"We need to look at our treatments not only in terms of whether they delay the progression of the cancer or increase overall survival, but also what is the cost to the patient and the medical care system," Lichtenfeld said.

For the study, Motzer's team randomly assigned more than 1,100 patients with advanced kidney cancer to either sunitinib or pazopanib.

The investigators found both drugs fared as well in the length of time they held the cancer at bay and extended life -- about nine months.

The real difference was seen in their side effects. Patients taking pazopanib suffered less fatigue, fewer sores on the hands and feet, and fewer bouts of a blood disease called thrombocytopenia, which can cause bleeding, than patients taking sunitinib, Motzer's group found.

Some patients taking pazopanib, however, had higher levels of an enzyme called alanine aminotransferase -- a sign of potential liver damage -- than those taking sunitinib, the researchers noted.

Most importantly, according to Motzer, patients taking pazopanib rated their quality of life better than patients taking sunitinib.

More information

For more on kidney cancer, visit the American Cancer Society.

Fact Check

Fact Check

Have you found an error, or know of something we’ve missed in one of our stories?
Please use the form below and let us know.

* Required
  • Please post the headline of the story or the title of the video with the error.

  • Please post exactly what was wrong with the story.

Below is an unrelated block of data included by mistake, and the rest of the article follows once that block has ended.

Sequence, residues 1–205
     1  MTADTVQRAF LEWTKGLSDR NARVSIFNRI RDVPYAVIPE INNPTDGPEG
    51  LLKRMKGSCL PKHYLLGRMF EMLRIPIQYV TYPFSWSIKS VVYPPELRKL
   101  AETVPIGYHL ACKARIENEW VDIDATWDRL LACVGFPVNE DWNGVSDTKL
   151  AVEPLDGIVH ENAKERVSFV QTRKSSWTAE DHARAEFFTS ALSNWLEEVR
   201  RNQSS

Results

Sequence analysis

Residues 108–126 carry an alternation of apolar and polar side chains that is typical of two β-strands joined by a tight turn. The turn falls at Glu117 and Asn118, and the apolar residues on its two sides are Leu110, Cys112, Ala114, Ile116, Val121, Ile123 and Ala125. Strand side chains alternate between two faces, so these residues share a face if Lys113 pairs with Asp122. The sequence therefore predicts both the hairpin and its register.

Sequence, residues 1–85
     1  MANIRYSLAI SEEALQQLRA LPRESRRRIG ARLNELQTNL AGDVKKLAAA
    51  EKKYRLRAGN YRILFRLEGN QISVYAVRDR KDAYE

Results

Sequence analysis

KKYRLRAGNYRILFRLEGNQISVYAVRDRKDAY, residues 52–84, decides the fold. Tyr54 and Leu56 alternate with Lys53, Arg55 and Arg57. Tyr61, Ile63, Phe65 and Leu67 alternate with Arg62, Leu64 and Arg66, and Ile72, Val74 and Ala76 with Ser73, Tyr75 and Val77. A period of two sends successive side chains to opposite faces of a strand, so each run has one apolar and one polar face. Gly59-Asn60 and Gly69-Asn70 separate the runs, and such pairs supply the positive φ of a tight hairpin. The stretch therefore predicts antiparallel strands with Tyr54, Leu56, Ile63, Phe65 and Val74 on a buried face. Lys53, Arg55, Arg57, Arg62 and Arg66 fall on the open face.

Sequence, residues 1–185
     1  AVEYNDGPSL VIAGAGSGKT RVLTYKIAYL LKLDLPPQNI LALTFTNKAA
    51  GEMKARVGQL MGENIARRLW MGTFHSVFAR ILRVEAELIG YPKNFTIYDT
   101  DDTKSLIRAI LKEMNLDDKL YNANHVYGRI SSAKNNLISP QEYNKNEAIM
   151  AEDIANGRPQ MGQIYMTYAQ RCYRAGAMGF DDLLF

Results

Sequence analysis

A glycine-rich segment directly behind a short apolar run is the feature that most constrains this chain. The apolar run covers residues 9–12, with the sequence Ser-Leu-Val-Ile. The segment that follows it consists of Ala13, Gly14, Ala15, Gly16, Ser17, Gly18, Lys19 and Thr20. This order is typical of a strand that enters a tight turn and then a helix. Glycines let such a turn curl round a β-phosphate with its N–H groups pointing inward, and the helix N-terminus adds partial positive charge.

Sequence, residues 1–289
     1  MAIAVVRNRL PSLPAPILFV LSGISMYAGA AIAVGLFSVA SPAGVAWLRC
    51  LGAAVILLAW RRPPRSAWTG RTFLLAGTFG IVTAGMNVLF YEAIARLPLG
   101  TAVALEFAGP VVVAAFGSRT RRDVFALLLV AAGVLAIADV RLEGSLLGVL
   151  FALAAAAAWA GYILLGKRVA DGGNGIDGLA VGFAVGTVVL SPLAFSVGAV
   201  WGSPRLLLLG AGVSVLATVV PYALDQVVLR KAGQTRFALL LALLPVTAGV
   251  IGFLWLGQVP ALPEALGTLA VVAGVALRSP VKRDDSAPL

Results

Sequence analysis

• Please indicate your source for the correct information.

  • Yes

    No

  • This will only be used to contact you if we have a question about your submission, it will not be used to identify you or be published.

  • Cancel

Having problems with the form?

Contact Us Directly
  • Print

You can comment on most stories on winnipegfreepress.com. You can also agree or disagree with other comments. All you need to do is be a Winnipeg Free Press print or e-edition subscriber to join the conversation and give your feedback.

You can comment on most stories on winnipegfreepress.com. You can also agree or disagree with other comments. All you need to do is be a Winnipeg Free Press print or e-edition subscriber to join the conversation and give your feedback.

Have Your Say

New to commenting? Check out our Frequently Asked Questions.

Have Your Say

Comments are open to Winnipeg Free Press print or e-edition subscribers only. why?

Have Your Say

Comments are open to Winnipeg Free Press Subscribers only. why?

The Winnipeg Free Press does not necessarily endorse any of the views posted. By submitting your comment, you agree to our Terms and Conditions. These terms were revised effective April 16, 2010.

letters

Make text: Larger | Smaller

LATEST VIDEO

Winnipeg Cheapskate: Cheap summer weekends

View more like this

Photo Store Gallery

  • Marc Gallant/Winnipeg Free Press. Gardening Column- Assiniboine Park English Garden. July 19, 2002.
  • JJOE.BRYKSA@FREEPRESS.MB.CA Local-Postcard  Day-Horror frost and fog created a most beautiful setting at Assiniboine Park Thursday morning in WInnipeg- Enviroent Canada says the fog will lifet this morning and will see a high of -7C-  JOE BRYKSA/WINNIPEG FREE PRESS- Feb 18, 2010

View More Gallery Photos

Poll

Should confessions extracted through Mr. Big police stings be admissible in court?

View Results

View Related Story

Ads by Google